They also bird who only sit and wait…
This article first appeared in Birdwatching
I am known for my whinging. A well known, follicley-challenged TV naturalist once said how much he missed my viper wit when I wasn’t asked to take part in ‘Just a Linnet’ at the British Bird Fair. But, just for once, I am going to replace my normal acidic whine for a measured tone and open my inner most secrets to an agog nation… or at least whoever cares to listen to me mumble about how I watch birds.
This is not provoked by my normal tendency to pontificate, but more a desire to share, for the benefit of the less able, less fit or more overweight among you, that birding can be long distance, slow, silent, sedentary and low key.
The tendency for the popular press to call our obsession twitching, whether we chase rarities nationwide or just watch sparrows in the backyard, always irks me. Yet it is not the only misunderstanding of what we do and how we do it.
Birders are expected to stride forth across the moors or hike through a forest ameliorating their nerdiness by becoming super fit and self-righteous. As if, there is a right way to bird that brushes away cobwebs accumulated in study, or washes away the aroma of anorak (attendant upon us boy-scouts and girl-guides who sport attainment birding badges and overweight optics).
I have developed a birding style necessitated by disability, and my predisposition to indolence. I cannot walk very far on a good day, and hardly at all on a bad one. Mind you, if I could, I very much doubt that I would. I blame my corpulence on the lack of exercise that arthritis dictates, without mentioning that the dictat doesn’t require the copious ingesting of cake, curry and chocolate!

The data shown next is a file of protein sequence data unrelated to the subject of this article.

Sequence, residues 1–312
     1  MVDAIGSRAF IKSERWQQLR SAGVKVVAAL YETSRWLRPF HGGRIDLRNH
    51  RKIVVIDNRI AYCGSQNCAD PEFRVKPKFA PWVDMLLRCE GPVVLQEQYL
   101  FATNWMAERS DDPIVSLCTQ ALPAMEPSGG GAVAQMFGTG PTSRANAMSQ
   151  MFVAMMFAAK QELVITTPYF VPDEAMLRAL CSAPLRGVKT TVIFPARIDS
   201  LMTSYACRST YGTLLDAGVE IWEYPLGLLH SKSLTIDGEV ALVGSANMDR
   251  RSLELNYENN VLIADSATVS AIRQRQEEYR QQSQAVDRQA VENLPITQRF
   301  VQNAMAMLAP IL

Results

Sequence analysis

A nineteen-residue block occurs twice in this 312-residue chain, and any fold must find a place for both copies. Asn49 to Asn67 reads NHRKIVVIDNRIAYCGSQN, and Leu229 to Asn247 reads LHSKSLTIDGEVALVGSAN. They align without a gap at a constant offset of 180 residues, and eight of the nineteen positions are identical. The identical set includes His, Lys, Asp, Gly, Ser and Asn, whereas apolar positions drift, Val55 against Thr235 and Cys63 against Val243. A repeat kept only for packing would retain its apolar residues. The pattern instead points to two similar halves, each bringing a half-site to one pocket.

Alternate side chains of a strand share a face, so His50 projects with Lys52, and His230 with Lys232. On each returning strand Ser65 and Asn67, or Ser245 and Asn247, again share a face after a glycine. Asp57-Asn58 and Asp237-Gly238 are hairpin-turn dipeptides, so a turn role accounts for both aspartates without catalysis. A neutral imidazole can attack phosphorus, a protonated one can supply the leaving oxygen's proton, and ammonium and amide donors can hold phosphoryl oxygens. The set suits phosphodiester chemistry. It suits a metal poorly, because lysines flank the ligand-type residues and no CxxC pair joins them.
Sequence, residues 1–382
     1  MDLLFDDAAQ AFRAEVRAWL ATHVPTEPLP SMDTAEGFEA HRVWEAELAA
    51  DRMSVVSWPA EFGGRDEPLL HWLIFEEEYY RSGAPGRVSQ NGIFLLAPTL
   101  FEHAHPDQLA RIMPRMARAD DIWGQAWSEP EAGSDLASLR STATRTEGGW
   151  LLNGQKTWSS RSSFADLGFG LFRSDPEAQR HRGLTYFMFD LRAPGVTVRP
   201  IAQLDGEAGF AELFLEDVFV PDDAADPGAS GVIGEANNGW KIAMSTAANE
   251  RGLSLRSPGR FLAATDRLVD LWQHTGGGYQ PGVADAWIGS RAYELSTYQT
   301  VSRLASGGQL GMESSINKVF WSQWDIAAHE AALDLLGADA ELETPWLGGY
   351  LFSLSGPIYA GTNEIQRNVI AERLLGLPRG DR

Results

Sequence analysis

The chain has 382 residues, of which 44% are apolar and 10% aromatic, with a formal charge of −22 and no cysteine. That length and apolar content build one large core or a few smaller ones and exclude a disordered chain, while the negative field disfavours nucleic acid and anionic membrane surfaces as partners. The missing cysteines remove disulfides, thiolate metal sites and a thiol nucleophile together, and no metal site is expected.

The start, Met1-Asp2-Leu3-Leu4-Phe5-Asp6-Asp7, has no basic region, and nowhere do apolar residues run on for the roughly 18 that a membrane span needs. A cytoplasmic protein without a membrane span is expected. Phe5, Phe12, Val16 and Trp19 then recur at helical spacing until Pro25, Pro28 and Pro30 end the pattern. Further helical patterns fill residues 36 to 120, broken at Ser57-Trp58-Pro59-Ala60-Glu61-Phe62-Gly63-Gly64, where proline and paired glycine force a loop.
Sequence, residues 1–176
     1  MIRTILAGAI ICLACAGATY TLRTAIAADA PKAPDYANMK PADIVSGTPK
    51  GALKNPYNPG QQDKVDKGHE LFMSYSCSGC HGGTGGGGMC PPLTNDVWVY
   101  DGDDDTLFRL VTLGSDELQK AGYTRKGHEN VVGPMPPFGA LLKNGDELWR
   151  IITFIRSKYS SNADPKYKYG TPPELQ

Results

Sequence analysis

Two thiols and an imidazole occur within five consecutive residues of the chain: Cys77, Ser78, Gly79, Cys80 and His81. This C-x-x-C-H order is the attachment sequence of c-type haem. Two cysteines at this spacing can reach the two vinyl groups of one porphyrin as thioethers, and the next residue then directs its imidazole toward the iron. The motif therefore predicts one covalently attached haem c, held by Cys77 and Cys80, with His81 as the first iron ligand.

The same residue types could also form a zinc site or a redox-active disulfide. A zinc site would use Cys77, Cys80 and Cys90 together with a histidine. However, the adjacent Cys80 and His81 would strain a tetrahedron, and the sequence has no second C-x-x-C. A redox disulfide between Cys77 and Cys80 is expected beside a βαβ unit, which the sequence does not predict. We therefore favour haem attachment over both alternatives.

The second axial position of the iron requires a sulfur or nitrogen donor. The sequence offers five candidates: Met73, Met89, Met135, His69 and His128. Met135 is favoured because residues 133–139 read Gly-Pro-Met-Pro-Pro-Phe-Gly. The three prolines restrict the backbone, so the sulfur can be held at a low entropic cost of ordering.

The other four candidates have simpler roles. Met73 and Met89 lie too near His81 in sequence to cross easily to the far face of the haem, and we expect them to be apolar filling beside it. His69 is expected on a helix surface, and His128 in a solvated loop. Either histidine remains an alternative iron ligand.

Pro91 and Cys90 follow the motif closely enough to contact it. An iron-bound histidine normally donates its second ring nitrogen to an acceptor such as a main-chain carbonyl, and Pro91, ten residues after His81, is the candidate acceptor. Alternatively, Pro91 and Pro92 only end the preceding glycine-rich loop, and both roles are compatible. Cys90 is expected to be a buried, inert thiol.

Why do birders carry scopes?
A simple question? Not one bit of it! From my own observations I have to conclude that they carry them as a form of weight training. Do they hate the manufacturer’s continuing efforts to reduce the weight of scopes and bins. Because they seem intent on carrying them as far as they can, for as long as possible, just to strengthen their abs and pecs and other body bits I’ve long ceased to find about my person.
I, on the other hand, use my optics to bring birds closer to me! I look for a high point, such as a ramp overlooking a scrape, and scan the view with my naked eyes. If I spot a movement or hear a call the binoculars swing into action. If they are insufficient to the task, out comes the scope and, low and behold, I see the quarry in all its glory!
Call me silly if you will, but isn’t this the whole point of having thousands of pounds worth of burnished metal and polished glass? I don’t need to creep so near to a bird that I can see what it ate for yesterday’s breakfast. Nor afterward expound over a pint just how close my binoculars can focus down! Notwithstanding this seemingly obvious characteristic of magnifying lenses, many of our tribe have to carry them as close as possible to the birds. Indeed, it seems to be compulsory that the rarer the bird, the closer an encounter is supposed to become. How many times have you been to a twitch to see the crowd rush forward every time a bird breaks cover? It can’t be that birders are trying to get a better view, because the rarity inevitably gets flushed further away. Stand your ground and, usually, the poor blighter will sigh its avian sigh and settle to rest, feed or flit in plain sight.
I went to Dungeness on the day a Crested Lark turned up in the ‘desert’; the vast area of shingle close to the observatory. Hawkeye (my wife, Maggie) and I watched a great semi-circle of a crowd move in ever closer to its last observed location…